My brother thinks our Costa Rica trip is going to be like an episode of Man vs. Wild, as evidenced by the following things he said to me tonight:
- “I’m not checking any luggage, I just have a backpack.”
- “I’m bringing towels so if I get rained on, I’m just going to wear my wet clothes and wrap them in towels.”
- “I’m going to wear zip-off pants the whole trip. Want me to buy you some?”
- “I might go buy a waterproof camera tomorrow.”
- “I bought some hardcore bugspray that I need to put in your suitcase.”
- “Should I bring a headlamp, in case we go hiking in the rainforest at night?”
- “Are you allowed to carry a knife in your checked luggage?”
- “What if I need to stab someone who attacks you?”
Ay, La Negrita, protégeme…
“Your subconscious has decided that you need to take a trip. It might be an actual physical journey to some new place you’ve dreamed of going, or it might just be a trip down Memory Lane. Once you’re on the road, you’re glad that you went along for the ride! It feels so good to get away from it all, and you know that you’re overdue. Invite someone else along, and you might create memories that you can share forever.”
- Nick: What kind of bird is that?
- Me: That's a Señor Stripehead.
- Nick: I'm really glad you're not an Audubon.
Our first harrowing adventure in Costa Rica involved driving to our hotel in San José. My brother Nick and I had booked an amazing package deal that cost a total of $500 per person for airfare, a week’s worth of hotels and a rental car. A couple months before our departure, I learned that pretty much all cars in Costa Rica, including our rental car, have manual transmissions. Nick told me he had learned how to drive stick in preparation for our trip. Unbeknownst to me, “learned how to drive stick” meant “drove around a parking lot for a few minutes with no actual instruction from anyone, except maybe Google.”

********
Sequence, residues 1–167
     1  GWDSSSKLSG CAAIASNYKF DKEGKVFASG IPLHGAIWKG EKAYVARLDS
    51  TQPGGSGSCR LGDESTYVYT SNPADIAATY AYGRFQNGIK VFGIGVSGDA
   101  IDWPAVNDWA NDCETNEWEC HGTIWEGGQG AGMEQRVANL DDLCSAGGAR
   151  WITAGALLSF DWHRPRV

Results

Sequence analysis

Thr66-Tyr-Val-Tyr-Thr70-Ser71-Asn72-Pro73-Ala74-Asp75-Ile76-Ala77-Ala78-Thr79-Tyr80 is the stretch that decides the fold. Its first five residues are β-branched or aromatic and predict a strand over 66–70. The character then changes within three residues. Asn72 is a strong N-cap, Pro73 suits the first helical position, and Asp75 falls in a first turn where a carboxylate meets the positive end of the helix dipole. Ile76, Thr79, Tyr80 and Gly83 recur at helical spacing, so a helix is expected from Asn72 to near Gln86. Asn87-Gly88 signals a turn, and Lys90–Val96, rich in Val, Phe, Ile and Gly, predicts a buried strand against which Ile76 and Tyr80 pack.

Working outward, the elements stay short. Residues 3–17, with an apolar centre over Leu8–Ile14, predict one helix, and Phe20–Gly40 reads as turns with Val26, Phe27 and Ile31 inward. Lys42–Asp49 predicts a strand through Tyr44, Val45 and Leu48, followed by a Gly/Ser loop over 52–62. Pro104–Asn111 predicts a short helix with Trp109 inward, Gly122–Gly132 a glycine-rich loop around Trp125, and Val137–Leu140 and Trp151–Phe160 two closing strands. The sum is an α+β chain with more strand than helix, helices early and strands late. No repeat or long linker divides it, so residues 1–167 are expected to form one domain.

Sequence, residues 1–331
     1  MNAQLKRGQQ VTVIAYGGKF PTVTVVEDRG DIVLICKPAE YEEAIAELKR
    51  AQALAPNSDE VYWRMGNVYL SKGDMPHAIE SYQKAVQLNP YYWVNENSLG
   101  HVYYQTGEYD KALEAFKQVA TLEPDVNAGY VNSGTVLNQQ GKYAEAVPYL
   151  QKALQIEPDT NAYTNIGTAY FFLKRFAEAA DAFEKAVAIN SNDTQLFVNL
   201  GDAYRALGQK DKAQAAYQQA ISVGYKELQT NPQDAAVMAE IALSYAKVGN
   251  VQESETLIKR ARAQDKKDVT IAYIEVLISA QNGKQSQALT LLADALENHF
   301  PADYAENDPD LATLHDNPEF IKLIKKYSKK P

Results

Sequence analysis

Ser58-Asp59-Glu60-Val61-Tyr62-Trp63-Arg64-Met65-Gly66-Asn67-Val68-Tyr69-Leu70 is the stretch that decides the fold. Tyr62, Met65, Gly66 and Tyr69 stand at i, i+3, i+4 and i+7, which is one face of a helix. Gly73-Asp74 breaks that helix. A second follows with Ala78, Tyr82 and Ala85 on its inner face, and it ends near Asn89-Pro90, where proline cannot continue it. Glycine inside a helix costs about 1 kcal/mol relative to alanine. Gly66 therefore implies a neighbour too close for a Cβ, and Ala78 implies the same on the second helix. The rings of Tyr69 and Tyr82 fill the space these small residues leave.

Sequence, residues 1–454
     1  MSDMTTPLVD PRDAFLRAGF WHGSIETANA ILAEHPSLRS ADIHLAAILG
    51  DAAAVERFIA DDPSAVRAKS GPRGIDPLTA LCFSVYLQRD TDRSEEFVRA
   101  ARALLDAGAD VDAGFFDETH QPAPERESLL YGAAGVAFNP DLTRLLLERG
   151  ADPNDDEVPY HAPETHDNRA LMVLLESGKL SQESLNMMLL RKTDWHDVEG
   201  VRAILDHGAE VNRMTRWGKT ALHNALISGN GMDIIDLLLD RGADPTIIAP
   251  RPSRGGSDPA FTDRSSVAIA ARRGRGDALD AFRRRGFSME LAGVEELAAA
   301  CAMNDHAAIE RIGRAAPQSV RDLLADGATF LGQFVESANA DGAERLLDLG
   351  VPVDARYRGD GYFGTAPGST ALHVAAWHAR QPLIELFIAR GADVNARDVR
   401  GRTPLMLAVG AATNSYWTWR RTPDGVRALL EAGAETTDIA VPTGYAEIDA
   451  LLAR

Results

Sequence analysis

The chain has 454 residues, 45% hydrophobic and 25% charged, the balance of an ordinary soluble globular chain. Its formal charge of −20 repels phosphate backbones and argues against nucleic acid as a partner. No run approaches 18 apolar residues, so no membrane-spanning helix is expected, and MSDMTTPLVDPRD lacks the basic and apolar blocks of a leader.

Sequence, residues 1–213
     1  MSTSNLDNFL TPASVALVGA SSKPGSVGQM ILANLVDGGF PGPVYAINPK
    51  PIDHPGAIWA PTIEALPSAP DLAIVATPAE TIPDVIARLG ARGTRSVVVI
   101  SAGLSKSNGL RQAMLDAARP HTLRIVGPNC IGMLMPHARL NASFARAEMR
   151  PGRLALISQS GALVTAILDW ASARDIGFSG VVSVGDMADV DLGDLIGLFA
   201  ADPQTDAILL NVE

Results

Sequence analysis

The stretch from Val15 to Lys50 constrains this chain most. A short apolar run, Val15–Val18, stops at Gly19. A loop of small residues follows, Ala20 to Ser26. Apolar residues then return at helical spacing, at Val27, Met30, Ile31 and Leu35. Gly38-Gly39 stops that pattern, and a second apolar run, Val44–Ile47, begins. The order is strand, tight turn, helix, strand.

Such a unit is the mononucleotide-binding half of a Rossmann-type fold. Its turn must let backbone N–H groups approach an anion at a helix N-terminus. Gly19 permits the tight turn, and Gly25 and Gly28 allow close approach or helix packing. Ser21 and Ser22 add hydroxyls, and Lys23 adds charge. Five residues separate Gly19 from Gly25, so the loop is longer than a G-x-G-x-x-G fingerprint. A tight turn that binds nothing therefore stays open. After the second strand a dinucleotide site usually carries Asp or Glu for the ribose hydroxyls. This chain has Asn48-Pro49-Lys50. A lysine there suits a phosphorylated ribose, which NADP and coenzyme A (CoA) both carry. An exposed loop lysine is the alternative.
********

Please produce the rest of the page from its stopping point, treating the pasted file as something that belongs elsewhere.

We woke up early on the second day of our Costa Rica trip, with the intention of spending as much time in the wilderness as possible. The traffic leaving San José wasn’t too terrible but once we got off the highway, it was clear that it was going to be a much different driving experience than we were used to. The roads became exceedingly steep and windy, and Nick still hadn’t gotten the hang of driving stick. Our poor little Suzuki Jimny chugged along, occasionally stalling out on a hill and giving me a heart attack. Finally, on a mountain in Zapote, its clutch gave out entirely and we were forced to pull over before reaching the summit.
Our morning started bright and early with a guided boat tour in Boca de Arenal with our tour guides Pedro and Luis. We pulled over to the side of the road on the way to the river to see a three-toed sloth and her baby in a tree, the mini-sloth clinging to its mom’s belly with its little spindly arms. We saw many more animals during our boat trip down the river, including Jesus Christ lizards (so called because they can run across water), howler monkeys swinging from tree to tree, lots of birds and even a few crocodiles. We also made friends with the other people in our boat, an older couple from Pennsylvania named Bob and Anna. Bob is 68 years old and has prostate cancer, but that hasn’t stopped him from continuing to seek out adventures like a trip to Costa Rica.